Dynamic Epistemic Logic and Logical Omniscience

Mattias Skipper Rasmussen

DOI: http://dx.doi.org/10.12775/LLP.2015.014

Abstract


Epistemic logics based on the possible worlds semantics suffer from the problem of logical omniscience, whereby agents are described as knowing all logical consequences of what they know, including all tautologies. This problem is doubly challenging: on the one hand, agents should be treated as logically non-omniscient, and on the other hand, as moderately logically competent. Many responses to logical omniscience fail to meet this double challenge because the concepts of knowledge and reasoning are not properly separated. In this paper, I present a dynamic logic of knowledge that models an agent’s epistemic state as it evolves over the course of reasoning. I show that the logic does not sacrifice logical competence on the altar of logical non-omniscience.


Keywords


epistemic logic; dynamic epistemic logic; logical omniscience; resource-bounded reasoning

Full Text:

PDF

References


Anderson, A., and N. Belnap, Entailment. The Logic of Relevance and Necessity, Princeton University Press, 1975.

Ågotnes, T., “A logic of finite syntactic epistemic states”, 2004.

Ågotnes, T., and N. Alechina, “The dynamics of syntactic knowledge”, Journal of Logic and Computation, (2006): 1–34. DOI: 10.1093/logcom/exl019

Belnap, N., A Useful Four-Valued Logic, D. Reichel: Dordrecht, 1977.

Bjerring, J.C., “Non-ideal epistemic spaces”, 2010.

Bjerring, J.C., “Impossible worlds and logical omniscience: An impossibility result”, Synthese, 190, 13 (2013): 2505–2524. DOI: 10.1007/s11229-011-0038-y

Bjerring, J.C., “Problems in epistemic space”, Journal of Philosophical Logic, 43 (2014): 153–170. DOI: 10.1007/s10992-012-9257-z

Bostock, D., Intermediate Logic, Oxford University Press: Oxford, 1997.

Chalmers, D., “The nature of epistemic space”, pages 60–107 in Epistemic Modality, Oxford University Press: New York, 2011. DOI: 10.1093/acprof:oso/9780199591596.003.0003

Cresswell, M. J, “Classical intensional logic”, Theoria, 36, 3 (1970): 347–372. DOI: 10.1111/j.1755-2567.1970.tb00433.x

Cresswell, M. J, “Intensional logics and logical truth”, Journal of Philosophical Logic, 1, 1 (1972): 2–15. DOI: 10.1007/BF00649986

Cresswell, M. J, Logics and Languages, Methuen and Co., 1973.

Ditmarsch, van H., W. van der Hoek, and B. Kooi, Dynamic Epistemic Logic, Springer, 2008.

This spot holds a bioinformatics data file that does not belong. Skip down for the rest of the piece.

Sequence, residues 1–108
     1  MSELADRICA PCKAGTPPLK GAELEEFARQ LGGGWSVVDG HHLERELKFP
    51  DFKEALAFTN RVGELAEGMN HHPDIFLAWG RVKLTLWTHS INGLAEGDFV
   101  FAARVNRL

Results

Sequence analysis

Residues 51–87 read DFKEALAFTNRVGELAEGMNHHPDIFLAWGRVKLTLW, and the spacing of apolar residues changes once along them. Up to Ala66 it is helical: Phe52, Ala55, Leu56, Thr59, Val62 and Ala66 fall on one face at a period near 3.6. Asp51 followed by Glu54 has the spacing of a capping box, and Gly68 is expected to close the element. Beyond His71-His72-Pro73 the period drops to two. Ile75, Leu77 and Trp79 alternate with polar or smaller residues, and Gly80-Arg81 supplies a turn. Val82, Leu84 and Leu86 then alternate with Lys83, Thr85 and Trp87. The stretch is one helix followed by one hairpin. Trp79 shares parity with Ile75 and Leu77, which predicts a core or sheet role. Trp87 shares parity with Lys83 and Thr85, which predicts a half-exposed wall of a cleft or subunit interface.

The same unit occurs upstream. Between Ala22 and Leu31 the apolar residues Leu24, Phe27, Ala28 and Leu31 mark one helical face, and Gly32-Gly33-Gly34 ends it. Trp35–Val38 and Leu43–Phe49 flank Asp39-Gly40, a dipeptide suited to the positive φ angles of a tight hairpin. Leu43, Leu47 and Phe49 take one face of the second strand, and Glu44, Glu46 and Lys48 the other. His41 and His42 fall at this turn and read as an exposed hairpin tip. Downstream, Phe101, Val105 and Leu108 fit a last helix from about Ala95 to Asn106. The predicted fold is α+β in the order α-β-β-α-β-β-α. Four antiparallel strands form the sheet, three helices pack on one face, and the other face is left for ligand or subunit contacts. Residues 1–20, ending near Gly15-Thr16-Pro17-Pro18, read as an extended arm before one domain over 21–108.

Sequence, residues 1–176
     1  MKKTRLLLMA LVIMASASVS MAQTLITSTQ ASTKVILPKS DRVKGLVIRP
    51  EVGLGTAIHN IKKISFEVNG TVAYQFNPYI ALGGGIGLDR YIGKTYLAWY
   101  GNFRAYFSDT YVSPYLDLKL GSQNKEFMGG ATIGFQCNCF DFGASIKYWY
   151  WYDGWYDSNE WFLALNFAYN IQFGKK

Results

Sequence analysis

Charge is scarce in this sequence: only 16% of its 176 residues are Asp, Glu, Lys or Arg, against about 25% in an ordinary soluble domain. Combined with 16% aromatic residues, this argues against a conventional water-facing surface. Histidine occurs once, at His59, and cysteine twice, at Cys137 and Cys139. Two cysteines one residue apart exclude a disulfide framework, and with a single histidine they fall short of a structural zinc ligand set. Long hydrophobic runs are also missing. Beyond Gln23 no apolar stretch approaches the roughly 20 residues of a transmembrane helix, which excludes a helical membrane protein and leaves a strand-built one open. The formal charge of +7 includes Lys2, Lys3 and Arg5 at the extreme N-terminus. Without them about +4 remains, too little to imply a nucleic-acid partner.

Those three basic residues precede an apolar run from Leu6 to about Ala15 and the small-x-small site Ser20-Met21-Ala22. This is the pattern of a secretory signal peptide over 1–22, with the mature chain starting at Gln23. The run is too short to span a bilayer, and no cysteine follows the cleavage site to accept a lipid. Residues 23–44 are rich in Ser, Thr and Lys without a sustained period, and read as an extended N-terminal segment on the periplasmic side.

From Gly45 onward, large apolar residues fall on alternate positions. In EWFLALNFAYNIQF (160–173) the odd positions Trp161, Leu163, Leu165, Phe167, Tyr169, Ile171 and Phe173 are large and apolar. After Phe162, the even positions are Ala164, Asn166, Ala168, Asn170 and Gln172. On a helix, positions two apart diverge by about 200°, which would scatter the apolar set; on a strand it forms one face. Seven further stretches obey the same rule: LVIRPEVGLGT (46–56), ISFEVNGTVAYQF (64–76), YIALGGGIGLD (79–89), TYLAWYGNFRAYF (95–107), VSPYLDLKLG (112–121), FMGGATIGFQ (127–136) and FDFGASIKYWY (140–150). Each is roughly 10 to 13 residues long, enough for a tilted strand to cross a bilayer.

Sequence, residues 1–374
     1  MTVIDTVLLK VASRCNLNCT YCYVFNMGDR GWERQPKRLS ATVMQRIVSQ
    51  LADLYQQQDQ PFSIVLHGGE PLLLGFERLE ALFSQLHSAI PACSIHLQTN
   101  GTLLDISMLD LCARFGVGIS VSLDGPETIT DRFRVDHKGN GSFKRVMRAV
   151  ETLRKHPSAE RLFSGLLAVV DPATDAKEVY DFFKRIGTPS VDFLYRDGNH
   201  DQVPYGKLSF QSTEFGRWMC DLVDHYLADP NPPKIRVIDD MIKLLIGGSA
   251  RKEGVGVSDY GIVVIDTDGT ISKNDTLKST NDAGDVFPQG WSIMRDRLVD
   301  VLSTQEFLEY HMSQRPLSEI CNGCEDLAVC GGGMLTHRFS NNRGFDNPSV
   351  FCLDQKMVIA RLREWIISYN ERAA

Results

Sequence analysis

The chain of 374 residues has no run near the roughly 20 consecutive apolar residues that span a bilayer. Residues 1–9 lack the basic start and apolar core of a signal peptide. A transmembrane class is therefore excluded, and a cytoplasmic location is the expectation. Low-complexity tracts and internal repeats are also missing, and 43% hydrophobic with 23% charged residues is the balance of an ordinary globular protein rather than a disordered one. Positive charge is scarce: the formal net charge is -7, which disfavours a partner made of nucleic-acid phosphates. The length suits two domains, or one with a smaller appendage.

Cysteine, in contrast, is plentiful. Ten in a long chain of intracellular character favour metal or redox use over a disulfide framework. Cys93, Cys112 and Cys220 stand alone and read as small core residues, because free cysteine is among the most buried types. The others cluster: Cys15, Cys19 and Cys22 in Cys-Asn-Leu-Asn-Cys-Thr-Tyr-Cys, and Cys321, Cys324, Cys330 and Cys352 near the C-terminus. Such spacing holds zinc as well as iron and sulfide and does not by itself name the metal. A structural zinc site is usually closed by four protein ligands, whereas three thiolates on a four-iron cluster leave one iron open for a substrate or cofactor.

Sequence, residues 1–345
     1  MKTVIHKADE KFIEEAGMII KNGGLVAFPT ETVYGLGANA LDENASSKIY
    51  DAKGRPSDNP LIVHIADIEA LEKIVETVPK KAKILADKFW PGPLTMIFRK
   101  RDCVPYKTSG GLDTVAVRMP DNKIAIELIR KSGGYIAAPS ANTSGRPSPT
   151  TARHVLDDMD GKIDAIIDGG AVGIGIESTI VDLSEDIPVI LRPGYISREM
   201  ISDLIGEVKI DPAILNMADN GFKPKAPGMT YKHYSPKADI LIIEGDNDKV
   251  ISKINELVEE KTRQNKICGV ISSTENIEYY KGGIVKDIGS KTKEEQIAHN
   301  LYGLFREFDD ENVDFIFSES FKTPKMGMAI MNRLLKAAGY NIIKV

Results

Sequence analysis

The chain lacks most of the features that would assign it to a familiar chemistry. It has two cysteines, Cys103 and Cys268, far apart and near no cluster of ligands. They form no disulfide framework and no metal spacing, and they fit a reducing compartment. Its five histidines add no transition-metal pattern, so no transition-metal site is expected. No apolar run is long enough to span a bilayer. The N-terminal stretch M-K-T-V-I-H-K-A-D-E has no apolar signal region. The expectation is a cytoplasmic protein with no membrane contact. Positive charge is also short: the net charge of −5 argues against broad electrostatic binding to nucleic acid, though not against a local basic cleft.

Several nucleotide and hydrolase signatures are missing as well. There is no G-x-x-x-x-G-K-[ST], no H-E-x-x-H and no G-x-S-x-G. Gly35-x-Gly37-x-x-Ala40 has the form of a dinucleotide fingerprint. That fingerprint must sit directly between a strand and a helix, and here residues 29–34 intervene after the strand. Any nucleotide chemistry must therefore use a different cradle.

Drapkin, J., and D. Perlis, “A preliminary excursion into step-logics”, pages 262–269 in Proceedings of the SIGART International Symposium on Methodologies for Intelligent Systems, C. Ghidini, P. Giodini, and W. van der Hoek (eds.), 1986. DOI: 10.1145/12808.12837

Drapkin, J., and D. Perlis, ‘Reasoning situated in time I: Basic concepts”. Journal of Experimental and Theoretical Artificial Intelligence, 2 (1990): 75–98.

Duc, H. N., “Logical omniscience vs. logical ignorance on a dilemma of epistemic logic”, Chapter 20 in Progress in Artificial Intelligence. 7th Portuguese Conference on Artificial Intelligence, EPIA’95, Funchal, Madeira Island, Portugal, C. A. Pinto-Ferreira and N. J. Mamede (eds.), 1995. DOI: 10.1007/3-540-60428-6_20

Duc, H. N., “Reasoning about rational, but not logically omniscient, agents”, Journal of Logic and Computation, 7, 5 (1997): 633–648. DOI: 10.1093/logcom/7.5.633

Duc, H. N., “Resource-bounded reasoning about knowledge”, 2001.

Elgot-Drapkin, J., “Active logics: A unified formal approach to episodic reasoning”, Technical report, University of Maryland, 1999.

Fagin, R., and J. Halpern, “Belief, awareness and limited reasoning”, Artificial Intelligence, 34 (1988): 39–76. DOI: 10.1016/0004-3702(87)90003-8

Fagin, R., J. Halpern, and M. Vardi, “A nonstandard approach to the logical omniscience problem”, Artificial Intelligence, 79 (1995): 203–240. DOI: 10.1016/0004-3702(94)00060-3

Fagin, R., J. Halpern, M. Vardi, and Y. Moses, Reasoning About Knowledge, MIT Press, 1995.

Heyting, A., Intuitionism: An Introduction, North Holland: Amsterdam, 1956.

Hintikka, J., Knowledge and Belief: An Introduction to the Two Notions, Cornell University Press, 1962.

Hintikka, J., “Impossible possible worlds vindicated”, Journal of Philosophical Logic, 4, 4 (1975): 475–484. DOI: 10.1007/BF00558761

Jago, M., “Logics for resource-bounded agents”, 2006.

Jago, M., “The problem of rational knowledge”, Erkenntnis, 79, S6 (2014): 1151. DOI: 10.1007/s10670-013-9545-1

Jago, M., The Impossible: An Essay on Hyperintensionality, Oxford University Press, 2014.

Konolige, K., A Deduction Model of Belief, Morgan Kaufman, 1986.

Lakemeyer, G., “Tractable meta-reasoning in propositional logics of belief”, pages 198–202 in Tenth International Joint Conference on Artificial Intelligence, 1987.

Lemmon, E. J., Beginning Logic, Hacker Publishing Company, 1998.

Levesque, H. J., “A logic of implicit and explicit belief”, pages 198–202 in National Conference on Artificial Intelligence, 1984.

Priest, G., An Introduction to Non-Classical Logic, second edition, Cambridge University Press, 2008.

Rantala, V., “Impossible worlds semantics and logical omniscience”, Acta Philosophica Fennica, 35 (1982): 106–115.

Routley, R., and R. Meyer, “The semantics of entailment II”, Journal of Philosophical Logic, 1 (1972): 53–73. DOI: 10.1007/BF00649991

Routley, R., and R. Meyer, “The semantics of entailment III”, Journal of Philosophical Logic, 1 (1972): 192–208. DOI: 10.1007/BF00650498

Routley, R., and R. Meyer, The Semantics of Entailment I, pages 194–243 in Truth, Syntax and Modality, series “Studies in Logic and the Foundations of Mathematics”, 1973. DOI: 10.1016/S0049-237X(08)71541-6

Wansing, H., “A general possible worlds framework for reasoning about knowledge and belief”, Studia Logica, 49 (1990): 523–539. DOI: 10.1007/BF00370163








Print ISSN: 1425-3305
Online ISSN: 2300-9802

Partnerzy platformy czasopism